From the good news/bad news desk Sony has joined Packard-Bell (they still buy them in Europe) to bundle Spare Backup's agent and online backup service with every PC they sell. On the good news front this means more of the fashonistas that buy Sony PCs at retail will backup their data online.
From the good news/bad news desk Sony has joined Packard-Bell (they still buy them in Europe) to bundle Spare Backup's agent and online backup service with every PC they sell. On the good news front this means more of the fashonistas that buy Sony PCs at retail will backup their data online.The downside is that we've come a long way from the days when the software bundle on the Osborne 1 (Wordstar, SuperCalc, and dBase II the leading applications of the cretaceous era of computing) cost as much as the computer they came bundled with. Today's retail computers are loaded with trials/demos and other software of questionable value, especially to experienced users and Spare Backup is just in with the rest.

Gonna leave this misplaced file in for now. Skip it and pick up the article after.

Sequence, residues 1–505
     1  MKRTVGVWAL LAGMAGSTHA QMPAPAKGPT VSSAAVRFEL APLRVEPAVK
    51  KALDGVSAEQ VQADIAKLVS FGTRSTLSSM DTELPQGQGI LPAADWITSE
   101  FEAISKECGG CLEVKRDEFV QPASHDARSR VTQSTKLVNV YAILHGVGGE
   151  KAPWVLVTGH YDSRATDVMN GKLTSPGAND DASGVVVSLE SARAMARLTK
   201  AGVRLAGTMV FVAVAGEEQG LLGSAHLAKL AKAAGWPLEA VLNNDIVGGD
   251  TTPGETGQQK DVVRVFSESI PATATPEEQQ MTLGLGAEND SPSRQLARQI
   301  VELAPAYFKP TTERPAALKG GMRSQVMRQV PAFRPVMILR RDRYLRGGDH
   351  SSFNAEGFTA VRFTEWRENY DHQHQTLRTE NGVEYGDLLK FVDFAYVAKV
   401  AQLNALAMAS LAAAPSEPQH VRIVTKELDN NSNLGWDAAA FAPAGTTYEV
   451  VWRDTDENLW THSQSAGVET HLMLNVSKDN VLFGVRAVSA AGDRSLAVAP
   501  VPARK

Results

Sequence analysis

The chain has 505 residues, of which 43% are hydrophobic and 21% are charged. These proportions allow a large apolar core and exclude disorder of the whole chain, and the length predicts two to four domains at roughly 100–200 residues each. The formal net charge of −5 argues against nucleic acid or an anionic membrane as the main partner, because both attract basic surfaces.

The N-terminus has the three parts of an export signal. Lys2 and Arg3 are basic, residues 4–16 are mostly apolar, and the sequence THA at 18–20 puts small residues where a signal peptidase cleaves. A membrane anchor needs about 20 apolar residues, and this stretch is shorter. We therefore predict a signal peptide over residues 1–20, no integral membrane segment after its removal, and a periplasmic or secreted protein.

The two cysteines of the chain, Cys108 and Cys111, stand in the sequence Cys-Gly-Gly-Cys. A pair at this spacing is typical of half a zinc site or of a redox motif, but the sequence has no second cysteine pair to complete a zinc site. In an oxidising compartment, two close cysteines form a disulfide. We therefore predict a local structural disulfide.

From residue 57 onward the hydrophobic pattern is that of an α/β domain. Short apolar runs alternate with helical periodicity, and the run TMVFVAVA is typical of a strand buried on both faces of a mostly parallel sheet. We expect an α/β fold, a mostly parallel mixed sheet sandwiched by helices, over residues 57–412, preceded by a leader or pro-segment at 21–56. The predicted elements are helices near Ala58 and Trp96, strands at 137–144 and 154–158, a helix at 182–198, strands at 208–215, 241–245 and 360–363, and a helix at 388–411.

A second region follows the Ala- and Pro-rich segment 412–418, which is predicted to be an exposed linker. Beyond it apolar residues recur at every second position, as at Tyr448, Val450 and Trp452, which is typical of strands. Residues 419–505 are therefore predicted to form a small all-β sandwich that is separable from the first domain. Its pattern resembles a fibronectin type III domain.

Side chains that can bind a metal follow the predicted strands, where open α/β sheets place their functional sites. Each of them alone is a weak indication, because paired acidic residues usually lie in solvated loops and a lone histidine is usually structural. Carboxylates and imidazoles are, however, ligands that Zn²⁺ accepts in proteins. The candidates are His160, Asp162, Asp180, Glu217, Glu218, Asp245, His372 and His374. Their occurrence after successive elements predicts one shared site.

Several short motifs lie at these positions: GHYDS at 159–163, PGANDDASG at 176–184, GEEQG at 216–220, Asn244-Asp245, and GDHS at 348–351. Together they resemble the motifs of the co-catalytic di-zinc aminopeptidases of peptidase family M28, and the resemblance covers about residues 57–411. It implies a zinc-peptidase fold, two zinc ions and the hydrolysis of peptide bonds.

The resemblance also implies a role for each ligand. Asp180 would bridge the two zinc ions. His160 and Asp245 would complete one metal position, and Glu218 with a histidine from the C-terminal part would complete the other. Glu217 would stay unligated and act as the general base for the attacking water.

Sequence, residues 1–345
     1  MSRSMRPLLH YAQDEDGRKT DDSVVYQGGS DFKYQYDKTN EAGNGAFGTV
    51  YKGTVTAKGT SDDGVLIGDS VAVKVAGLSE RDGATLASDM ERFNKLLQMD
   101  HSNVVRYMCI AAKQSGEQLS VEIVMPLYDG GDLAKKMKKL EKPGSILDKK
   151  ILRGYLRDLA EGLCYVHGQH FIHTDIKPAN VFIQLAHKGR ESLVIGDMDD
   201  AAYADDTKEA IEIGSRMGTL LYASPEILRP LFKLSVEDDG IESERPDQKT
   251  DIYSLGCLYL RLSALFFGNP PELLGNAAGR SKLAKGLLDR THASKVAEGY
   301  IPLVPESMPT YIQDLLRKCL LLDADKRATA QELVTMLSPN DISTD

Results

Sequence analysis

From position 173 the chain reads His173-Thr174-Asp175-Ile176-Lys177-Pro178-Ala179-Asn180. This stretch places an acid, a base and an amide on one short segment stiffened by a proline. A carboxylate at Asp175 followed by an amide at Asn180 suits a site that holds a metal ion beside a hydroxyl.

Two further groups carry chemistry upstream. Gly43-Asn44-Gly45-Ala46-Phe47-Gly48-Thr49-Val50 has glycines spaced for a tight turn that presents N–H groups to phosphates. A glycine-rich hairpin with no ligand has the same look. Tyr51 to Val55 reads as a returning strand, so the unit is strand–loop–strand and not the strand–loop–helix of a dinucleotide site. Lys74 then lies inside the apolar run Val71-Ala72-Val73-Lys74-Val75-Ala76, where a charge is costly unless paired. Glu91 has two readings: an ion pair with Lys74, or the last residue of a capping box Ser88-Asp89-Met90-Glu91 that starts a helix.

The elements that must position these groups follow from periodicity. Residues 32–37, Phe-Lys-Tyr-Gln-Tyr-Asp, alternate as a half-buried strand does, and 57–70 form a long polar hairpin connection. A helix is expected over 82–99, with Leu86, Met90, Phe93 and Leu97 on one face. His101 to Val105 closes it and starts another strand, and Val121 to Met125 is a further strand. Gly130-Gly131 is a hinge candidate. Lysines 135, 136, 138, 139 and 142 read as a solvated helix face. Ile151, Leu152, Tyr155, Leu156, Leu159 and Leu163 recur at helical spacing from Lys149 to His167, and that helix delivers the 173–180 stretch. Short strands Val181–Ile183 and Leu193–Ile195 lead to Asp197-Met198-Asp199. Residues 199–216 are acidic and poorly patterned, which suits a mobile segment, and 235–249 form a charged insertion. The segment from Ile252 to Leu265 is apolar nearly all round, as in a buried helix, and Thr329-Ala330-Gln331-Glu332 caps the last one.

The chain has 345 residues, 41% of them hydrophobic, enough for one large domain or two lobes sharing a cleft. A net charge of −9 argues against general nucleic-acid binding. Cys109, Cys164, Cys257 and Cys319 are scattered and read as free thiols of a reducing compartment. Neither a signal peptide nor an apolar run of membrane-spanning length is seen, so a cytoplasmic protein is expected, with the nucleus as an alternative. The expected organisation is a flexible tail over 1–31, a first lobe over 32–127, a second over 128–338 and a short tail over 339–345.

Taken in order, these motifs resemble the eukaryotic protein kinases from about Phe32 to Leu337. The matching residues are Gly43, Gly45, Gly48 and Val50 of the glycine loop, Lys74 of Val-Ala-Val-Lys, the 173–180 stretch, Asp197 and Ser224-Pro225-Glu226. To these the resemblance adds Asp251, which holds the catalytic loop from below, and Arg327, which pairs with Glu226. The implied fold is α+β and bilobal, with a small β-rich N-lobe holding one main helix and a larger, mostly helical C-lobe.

Overall I think it's a good thing. Users get 30 or 90 days of service, depending on whether they give a credit card number when they set up their Spare Backup accounts, for 50GB of data. After the free period is over it will set them back $6/mo and additional storage is also $6/mo for 50GB.
The Sony deal also includes a data transfer utility that copies data and settings for common applications from one PC to another. It's not Alohabob or PCMover, as it doesn't move applications, just data and settings but still useful.
Just goes to show one man's Crapware is another man's valuable introduction to online backup.
5 Top Federal Initiatives For 2015As InformationWeek Government readers were busy firming up their fiscal year 2015 budgets, we asked them to rate more than 30 IT initiatives in terms of importance and current leadership focus. No surprise, among more than 30 options, security is No. 1. After that, things get less predictable.
InformationWeek Tech Digest, Nov. 10, 2014Just 30% of respondents to our new survey say their companies are very or extremely effective at identifying critical data and analyzing it to make decisions, down from 42% in 2013. What gives?